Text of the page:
Fully Paid - no expiration

Everything is working fine and I've even implemented a registration system
where the users can upgrade by just receiving a code from me.

My question is on where should I store the license information. I'm
concerned about a couple of things:

1) If I store the info in a front-end table, I can access it immediately
prior to my backend linking routine. BUT, what happens when a new version
of the app is released. This info in the front-end will be lost for each
client and I would have to recreate it for each client before shipping out
the app.

2) If stored in a backend table, I'll have to link to the tables before
checking the license info. My backend is locked down so no one except me can
get into it. So this might work okay.

3) But if the info is in a table, what happens if somehow it is lost or that
particular table gets corrupted. Users with fully-paid licenses might get
upset, because they won't be able to get in.

I guess I could have a hidden form that loads on startup and would
permanently store the license information. But this would require that the
registration routine (when users upgrade) open this hidden form in design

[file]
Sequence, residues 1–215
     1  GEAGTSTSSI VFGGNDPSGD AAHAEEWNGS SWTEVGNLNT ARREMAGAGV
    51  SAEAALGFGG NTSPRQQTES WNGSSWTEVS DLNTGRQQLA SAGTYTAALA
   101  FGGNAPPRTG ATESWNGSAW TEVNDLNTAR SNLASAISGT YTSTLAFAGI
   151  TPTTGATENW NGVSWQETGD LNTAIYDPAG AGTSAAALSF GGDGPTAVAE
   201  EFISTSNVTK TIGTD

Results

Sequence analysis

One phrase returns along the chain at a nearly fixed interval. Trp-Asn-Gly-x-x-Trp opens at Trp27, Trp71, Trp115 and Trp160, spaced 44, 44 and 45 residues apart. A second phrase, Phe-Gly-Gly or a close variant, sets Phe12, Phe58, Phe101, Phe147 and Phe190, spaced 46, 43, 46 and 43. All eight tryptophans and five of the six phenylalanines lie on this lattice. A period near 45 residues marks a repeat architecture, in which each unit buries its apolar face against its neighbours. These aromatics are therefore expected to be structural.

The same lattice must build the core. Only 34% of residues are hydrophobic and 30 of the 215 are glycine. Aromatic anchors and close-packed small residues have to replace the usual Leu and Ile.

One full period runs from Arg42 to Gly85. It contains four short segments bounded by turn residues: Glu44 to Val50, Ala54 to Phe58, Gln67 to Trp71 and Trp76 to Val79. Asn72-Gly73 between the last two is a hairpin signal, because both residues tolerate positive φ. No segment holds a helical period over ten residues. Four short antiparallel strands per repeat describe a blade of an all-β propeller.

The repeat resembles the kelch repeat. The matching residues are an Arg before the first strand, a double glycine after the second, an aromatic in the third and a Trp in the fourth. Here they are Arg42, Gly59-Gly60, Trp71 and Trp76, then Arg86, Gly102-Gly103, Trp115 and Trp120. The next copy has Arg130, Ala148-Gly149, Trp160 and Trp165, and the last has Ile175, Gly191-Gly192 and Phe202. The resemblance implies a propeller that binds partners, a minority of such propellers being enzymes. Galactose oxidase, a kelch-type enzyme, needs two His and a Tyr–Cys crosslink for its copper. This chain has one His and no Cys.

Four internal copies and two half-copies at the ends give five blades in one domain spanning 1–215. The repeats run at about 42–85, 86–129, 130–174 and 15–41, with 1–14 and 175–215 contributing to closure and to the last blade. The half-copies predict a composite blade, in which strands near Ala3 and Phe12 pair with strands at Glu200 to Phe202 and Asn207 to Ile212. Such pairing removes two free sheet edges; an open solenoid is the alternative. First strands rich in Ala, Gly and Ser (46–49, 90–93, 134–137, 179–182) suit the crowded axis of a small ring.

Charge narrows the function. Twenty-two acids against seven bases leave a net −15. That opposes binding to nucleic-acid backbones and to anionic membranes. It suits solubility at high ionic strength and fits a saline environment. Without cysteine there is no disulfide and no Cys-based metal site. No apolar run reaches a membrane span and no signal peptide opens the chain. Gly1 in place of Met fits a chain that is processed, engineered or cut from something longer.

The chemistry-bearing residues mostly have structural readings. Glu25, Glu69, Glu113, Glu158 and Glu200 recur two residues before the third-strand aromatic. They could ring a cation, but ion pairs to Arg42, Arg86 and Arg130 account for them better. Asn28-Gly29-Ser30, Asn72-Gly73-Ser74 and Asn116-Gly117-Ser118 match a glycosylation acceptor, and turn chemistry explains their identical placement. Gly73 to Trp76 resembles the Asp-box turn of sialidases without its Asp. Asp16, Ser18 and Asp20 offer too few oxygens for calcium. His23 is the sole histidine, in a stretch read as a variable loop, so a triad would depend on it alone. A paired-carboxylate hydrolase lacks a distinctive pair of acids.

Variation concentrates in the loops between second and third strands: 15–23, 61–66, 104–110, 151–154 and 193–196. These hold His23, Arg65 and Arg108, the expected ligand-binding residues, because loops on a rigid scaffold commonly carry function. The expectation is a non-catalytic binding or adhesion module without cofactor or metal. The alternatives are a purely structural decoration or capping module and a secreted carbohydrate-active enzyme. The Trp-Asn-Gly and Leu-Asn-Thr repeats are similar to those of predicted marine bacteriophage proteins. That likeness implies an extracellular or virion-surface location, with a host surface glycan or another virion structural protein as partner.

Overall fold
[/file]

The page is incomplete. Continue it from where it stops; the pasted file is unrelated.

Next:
mode and write the license information, wouldn't it??

I'd like some suggestions on how experienced developers would or do handle
the storing of license information. Also, if there are any "failsafe"
mechanisms in case there is a problem retrieving license information.

One note: These clients do not allow the downloading or installation of
executables and we cannot touch the registry.

Thanks in advance.

Many years ago, when I first started working with computers, I was a
computer operator. I had access to Master Control. This was a DG
computer. There were 2 levels higher than Master Control when it came
to computer security. The computer operators at the company got into
competive games, sending ClearScreen signals to the other ops, locking
them out of the computer even if they had Supervisory privileges. One
day the games got a little hot and I decided to make one of my opponents
pay dearly. The program to change security permission was called
Predator. I renamed Predator to something else and buried it down a